EAST RUTHERFORD, NJ - SEPTEMBER 02: Rob Gronkowski of the New England Patriots carries a reception into the endzone past Antrel Rolle of the New York Giants for a first quarter touchdown on September 2, 2010 at the New Meadowlands Stadium in East Rutherford, New Jersey. (Photo by Jim McIsaac/Getty Images)
The Patriots currently have seven wide receivers on their roster and five tight ends. Those seven receivers combined for zero receptions with the Patriots last season, while the five tight ends combined for 110. Take away Rob Gronkowski‘s 55 catches, and the tight end’s 55 receptions split between Aaron Hernandez and Daniel Fells still hold a distinct advantage.
That’s part of the reason why Patriots fans should be concerned, but not panicking about Gronkowski’s uncertain future due to a fourth surgery on his forearm. The Patriots are stacked with Gronk, and they’ll still be deep at the position without him.
Those 110 catches by tight ends currently on the Patriots’ roster doesn’t include Michael Hoomanawanui‘s (I’m always proud of myself when I type that without looking it up) five receptions — because he’s a restricted free agent — nor any catches from Jake Ballard, who should be a key addition to the 2013 active roster.
If fact, Ballard is the main reason why New Englanders should step off the cliff over Gronk. Ballard is just one season removed from a 38-catch, 604-yard season with the Giants. The 6-foot-6, 275-pound tight end will immediately come in as the second best blocking tight end on the roster as well — after Gronkowski, of course.
If Gronkowski misses any time due to his possibly infected forearm, it means two things: added reps for Ballard and more in-line snaps for Hernandez. Gronkowski’s injury doesn’t make tight end a need (though you should never be surprised if the Patriots draft or sign a tight end — or five), it adds further pressure to solidify the wide receiver position either through free agency or the draft.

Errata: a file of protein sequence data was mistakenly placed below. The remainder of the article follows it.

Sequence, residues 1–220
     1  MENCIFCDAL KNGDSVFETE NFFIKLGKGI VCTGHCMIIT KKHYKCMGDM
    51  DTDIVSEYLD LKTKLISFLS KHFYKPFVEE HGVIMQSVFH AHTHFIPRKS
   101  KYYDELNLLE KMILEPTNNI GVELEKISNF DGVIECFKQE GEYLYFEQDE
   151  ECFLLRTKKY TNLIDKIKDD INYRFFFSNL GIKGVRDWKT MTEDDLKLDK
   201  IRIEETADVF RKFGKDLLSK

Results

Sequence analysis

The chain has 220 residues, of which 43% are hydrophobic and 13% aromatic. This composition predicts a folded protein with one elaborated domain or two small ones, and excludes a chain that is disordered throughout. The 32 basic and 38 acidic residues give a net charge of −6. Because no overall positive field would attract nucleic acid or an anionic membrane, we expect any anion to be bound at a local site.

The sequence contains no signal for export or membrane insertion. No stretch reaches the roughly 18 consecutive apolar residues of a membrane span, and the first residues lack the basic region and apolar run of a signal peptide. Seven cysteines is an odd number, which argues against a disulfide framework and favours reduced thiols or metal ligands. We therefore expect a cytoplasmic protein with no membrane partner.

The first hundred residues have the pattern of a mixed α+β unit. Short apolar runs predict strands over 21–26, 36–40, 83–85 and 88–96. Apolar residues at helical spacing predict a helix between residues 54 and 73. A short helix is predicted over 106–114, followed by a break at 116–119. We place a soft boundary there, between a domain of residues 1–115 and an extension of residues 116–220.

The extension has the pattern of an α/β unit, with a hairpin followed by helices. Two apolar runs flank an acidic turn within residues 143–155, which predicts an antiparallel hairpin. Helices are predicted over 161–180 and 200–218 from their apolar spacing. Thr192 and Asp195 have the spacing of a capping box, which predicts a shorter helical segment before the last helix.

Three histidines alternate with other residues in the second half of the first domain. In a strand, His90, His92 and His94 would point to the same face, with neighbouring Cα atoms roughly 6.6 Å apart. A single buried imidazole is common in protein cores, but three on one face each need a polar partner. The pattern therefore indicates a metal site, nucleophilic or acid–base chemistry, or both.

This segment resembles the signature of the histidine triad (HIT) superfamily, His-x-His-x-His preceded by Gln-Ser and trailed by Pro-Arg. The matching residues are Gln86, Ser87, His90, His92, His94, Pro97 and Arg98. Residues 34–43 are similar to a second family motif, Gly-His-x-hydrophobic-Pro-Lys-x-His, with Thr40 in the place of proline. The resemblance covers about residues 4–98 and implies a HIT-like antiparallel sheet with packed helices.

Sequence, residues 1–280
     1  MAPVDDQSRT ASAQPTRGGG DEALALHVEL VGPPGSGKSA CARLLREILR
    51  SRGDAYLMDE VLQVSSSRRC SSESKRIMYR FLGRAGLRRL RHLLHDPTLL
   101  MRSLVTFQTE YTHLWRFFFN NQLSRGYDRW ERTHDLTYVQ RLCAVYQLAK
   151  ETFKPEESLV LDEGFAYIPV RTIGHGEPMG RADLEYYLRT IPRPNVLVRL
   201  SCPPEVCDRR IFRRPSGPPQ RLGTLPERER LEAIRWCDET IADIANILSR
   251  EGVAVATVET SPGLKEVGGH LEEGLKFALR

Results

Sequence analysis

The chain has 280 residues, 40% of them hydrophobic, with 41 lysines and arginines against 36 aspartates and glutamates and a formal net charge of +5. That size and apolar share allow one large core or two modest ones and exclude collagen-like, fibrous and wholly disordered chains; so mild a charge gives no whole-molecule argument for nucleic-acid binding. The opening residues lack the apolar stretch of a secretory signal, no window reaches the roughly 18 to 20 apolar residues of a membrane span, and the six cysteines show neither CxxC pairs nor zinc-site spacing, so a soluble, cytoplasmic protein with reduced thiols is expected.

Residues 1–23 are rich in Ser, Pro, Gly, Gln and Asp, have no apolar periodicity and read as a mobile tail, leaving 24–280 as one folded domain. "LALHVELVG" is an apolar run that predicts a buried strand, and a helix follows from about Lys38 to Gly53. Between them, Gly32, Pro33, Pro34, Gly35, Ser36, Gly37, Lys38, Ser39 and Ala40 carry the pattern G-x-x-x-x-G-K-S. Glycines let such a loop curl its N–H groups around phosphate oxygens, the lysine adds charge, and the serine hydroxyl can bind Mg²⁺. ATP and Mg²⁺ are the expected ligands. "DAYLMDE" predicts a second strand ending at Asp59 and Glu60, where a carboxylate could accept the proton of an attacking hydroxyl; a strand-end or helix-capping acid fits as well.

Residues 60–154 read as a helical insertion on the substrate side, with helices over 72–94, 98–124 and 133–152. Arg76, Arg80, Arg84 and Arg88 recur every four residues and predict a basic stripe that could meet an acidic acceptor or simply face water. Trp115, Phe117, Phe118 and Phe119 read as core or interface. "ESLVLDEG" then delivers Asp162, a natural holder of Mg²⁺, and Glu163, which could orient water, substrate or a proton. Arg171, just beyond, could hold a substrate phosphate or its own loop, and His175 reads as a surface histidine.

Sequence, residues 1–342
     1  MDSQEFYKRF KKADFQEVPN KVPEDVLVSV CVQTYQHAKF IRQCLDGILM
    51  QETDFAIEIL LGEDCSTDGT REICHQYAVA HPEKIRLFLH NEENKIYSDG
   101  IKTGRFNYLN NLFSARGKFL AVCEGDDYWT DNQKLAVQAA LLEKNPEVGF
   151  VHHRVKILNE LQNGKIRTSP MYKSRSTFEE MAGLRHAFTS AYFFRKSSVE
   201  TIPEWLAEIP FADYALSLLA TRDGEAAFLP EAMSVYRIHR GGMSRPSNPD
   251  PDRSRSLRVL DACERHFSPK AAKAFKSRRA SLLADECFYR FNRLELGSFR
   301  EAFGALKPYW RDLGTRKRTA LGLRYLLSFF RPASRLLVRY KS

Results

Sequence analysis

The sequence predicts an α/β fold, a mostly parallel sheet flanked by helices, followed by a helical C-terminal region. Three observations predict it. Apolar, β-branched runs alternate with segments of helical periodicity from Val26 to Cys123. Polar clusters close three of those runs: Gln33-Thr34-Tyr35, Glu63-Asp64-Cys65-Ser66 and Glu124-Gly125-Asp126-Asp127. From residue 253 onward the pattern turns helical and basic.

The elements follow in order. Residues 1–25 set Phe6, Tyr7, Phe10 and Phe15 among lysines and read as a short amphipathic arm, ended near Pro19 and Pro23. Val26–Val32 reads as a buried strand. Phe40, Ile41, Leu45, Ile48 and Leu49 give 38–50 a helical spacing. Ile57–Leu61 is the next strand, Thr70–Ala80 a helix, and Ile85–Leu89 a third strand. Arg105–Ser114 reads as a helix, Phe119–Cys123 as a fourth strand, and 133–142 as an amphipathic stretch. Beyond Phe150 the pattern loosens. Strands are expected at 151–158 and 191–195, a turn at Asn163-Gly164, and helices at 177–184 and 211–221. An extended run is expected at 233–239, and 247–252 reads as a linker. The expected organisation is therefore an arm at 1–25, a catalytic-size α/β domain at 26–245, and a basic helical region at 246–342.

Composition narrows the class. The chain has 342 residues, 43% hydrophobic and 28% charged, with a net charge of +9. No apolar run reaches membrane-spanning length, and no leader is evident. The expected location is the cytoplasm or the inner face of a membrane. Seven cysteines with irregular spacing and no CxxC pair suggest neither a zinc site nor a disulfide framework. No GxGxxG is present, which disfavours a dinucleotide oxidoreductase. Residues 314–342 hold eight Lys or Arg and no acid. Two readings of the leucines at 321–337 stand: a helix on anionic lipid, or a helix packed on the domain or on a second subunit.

If Hernandez is taking more snaps at tight end and less at wide receiver, that means the Patriots need a starting caliber wideout across from Amendola to start the season. No offense to free agent acquisitions Donald Jones and Michael Jenkins, or 2012 holdovers Kamar Aikan, Andre Holmes and Jeremy Ebert, but Patriots fans may have reason to overreact if if Matthew Slater or any of those five players are starters Week 1.
The most likely scenario is that the Patriots address the wide receiver need in the draft. And it’s likely New England double dips just as they did with defensive end in 2012 (Chandler Jones and Jake Bequette), running back in 2011 (Stevan Ridley and Shane Vereen) and tight end in 2010 (Gronkowski and Hernandez).
There are plenty of options out there for the Patriots, and they’ve begun to work out some of those players. The Patriots have had contact with DeAndre Hopkins of Clemson, Kenny Stills of Oklahoma and Marquess Wilson of Washington State. It should come as no surprise that all of those players are over 6-foot with impressive athleticism.
The possibility still exists that New England could sign restricted free agent Emmanuel Sanders to an offer sheet, though very little word of that has come out since the Steeler visited weeks ago. It may make more sense to give up a third-rounder for Sanders since he offers more certainty than a rookie will in that same position.
It’s not likely that Gronkowski will miss much time — if any — with his ailing forearm, but if he does, Hernandez and Ballard are as impressive of fill ins as you could find in the NFL. The issue is that sliding Hernandez to tight end on a more permanent basis creates a hole at wide receiver.
Filling that need is one thing, but getting that wideout acquainted to the offense is whole other issue. That’s why New England must take a new approach to drafting wide receivers as they have in years past. Tom Brady can’t be given another raw athlete like Chad Jackson, Bethel Johnson or Taylor Price over a polished football player like Hopkins would provide.